Five minutes with Katarzyna Stacel, Building Services Engineer
We talk to Katarzyna Stacel to find out what it's like designing HVAC systems for pharmaceutical facilities and how this experience influenced her university studies.
What does your role involve?
As a building services engineer, I work on HVAC (Heating, Ventilation and Air Conditioning) system designs for a range of new build and refurbishment projects. I ensure all the systems within the facility are coordinated and meet the standards required, using software such as AutoCAD and IES VE.
Every day is different, and I love this about my job! I could be surveying a building site one day, wearing overalls taking measurements and pictures of the existing services in a pharmaceutical facility the next, or meeting clients and contractors to talk about a new project. However, my ‘typical’ day is in the office, working with the design team, producing drawings, providing calculations for systems, taking part in design meetings, answering emails, and writing reports, specifications and schedules.
How did you get into building services engineering?
At school I was always good at maths, physics and languages, so my older brother, who is a civil engineer, suggested I look into engineering as a career. I found the problem solving and science of it really interesting, so I applied for an engineering course at university in my home country (Poland) and loved it. Because I always enjoyed languages and was keen to learn to communicate with people around the world, I also attended extra English classes throughout my degree. I now combine the two as a building services engineer in the UK.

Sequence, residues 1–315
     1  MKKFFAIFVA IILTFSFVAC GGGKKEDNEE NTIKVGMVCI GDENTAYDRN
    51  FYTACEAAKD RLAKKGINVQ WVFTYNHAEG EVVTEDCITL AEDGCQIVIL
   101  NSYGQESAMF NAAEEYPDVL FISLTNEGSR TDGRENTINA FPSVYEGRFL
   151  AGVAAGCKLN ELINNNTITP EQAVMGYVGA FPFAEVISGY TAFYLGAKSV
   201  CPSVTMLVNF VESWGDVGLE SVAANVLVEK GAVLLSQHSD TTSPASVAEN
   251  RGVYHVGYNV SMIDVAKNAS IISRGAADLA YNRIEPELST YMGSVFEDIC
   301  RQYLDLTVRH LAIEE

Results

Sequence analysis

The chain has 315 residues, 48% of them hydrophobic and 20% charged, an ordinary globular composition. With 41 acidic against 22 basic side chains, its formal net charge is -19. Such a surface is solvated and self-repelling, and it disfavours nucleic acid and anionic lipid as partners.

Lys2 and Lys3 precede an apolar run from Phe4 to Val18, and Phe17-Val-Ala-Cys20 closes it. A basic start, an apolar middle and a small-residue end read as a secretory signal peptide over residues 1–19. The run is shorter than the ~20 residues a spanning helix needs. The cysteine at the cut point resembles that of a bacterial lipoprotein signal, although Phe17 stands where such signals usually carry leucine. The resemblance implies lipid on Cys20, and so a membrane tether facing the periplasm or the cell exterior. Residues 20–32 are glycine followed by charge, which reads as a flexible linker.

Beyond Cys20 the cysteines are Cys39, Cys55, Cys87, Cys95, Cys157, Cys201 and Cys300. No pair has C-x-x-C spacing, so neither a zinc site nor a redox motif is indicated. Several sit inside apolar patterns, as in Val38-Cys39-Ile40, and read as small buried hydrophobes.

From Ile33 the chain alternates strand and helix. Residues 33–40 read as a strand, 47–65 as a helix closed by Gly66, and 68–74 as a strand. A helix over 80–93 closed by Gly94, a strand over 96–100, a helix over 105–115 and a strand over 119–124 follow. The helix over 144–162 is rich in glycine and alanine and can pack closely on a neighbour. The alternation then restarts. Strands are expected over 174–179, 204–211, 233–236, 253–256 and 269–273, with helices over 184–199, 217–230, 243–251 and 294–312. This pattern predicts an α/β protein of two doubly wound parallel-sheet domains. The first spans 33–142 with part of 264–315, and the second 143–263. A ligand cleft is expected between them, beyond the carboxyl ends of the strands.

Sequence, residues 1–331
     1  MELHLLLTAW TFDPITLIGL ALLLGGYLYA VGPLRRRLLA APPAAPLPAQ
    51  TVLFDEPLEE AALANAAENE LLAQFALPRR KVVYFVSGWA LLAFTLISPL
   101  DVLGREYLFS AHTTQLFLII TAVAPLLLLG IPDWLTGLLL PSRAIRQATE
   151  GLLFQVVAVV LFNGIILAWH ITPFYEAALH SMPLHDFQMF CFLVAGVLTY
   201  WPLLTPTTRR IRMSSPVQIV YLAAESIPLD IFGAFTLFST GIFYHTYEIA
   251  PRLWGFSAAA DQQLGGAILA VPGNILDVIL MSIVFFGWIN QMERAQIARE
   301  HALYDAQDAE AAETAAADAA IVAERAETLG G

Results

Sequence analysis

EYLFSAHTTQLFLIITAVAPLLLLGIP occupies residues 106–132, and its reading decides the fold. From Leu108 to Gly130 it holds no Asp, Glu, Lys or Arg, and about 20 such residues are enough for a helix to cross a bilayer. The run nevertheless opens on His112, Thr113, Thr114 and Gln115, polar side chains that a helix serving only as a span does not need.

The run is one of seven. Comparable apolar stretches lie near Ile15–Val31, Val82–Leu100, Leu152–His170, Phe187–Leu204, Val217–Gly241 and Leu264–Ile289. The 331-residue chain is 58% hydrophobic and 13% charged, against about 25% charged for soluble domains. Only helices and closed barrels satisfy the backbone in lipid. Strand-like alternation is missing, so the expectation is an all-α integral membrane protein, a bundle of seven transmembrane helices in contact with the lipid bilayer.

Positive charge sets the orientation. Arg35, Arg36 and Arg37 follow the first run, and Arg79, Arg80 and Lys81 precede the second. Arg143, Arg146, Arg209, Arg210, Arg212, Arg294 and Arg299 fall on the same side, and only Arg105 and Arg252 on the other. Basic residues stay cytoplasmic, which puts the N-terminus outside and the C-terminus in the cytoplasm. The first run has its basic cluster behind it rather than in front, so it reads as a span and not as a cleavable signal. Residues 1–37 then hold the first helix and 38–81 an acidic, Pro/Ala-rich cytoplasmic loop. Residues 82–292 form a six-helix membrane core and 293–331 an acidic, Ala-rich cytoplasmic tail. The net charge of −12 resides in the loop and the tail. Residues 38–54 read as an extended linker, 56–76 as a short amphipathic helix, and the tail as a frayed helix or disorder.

What are the challenges of working on building services designs?
With every design we always have to think about long-term operational cost and how the building might be used in the future. This makes each project a challenge in its own way. There’s also a real focus on sustainability, which requires us to be up to date with the latest regulations and creative in our designs to achieve optimal energy performance. A big part of overcoming these challenges is working closely with the wider design team, and the sooner on in the process we can do this the better. Getting the design right up front and thinking outside the box are essential.
What do you enjoy most about your role?
For me, the best thing about my job is that I am constantly learning. Every project is different, which is great as it gives me the chance to work on so many different types of buildings and continually expand my technical knowledge. Alongside this, the people I get to work with are incredible. I’ve met so many great characters and smart minds through the projects I’ve been involved with, which can only be a good thing!
Finally, what would you say has been your biggest achievement so far?
I think the thing I am most proud of is that I have been able to contribute to the design of high-value, complex pharmaceutical facilities. For a building services engineer, the fact that these buildings are some of the biggest consumers of energy means they require a lot of technical skill, and often creativity, to design a sustainable system. Working on these facilities has really challenged me as an engineer and opened my mind to new techniques and approaches.
This experience also inspired the other thing I am particularly proud of, my Masters degree (I graduated this week!). I studied alongside working at BakerHicks, who supported me through the whole process, which meant I was able to bring my experience on projects to my studies, especially in my dissertation. I chose to look at the influence of design parameters in cleanrooms and how fine tuning the ventilation system can lead to substantial energy savings, which was fascinating to work on. I got a distinction as well, so all the hard work paid off! And I can now bring what I have learnt through my studies to the projects I am working on.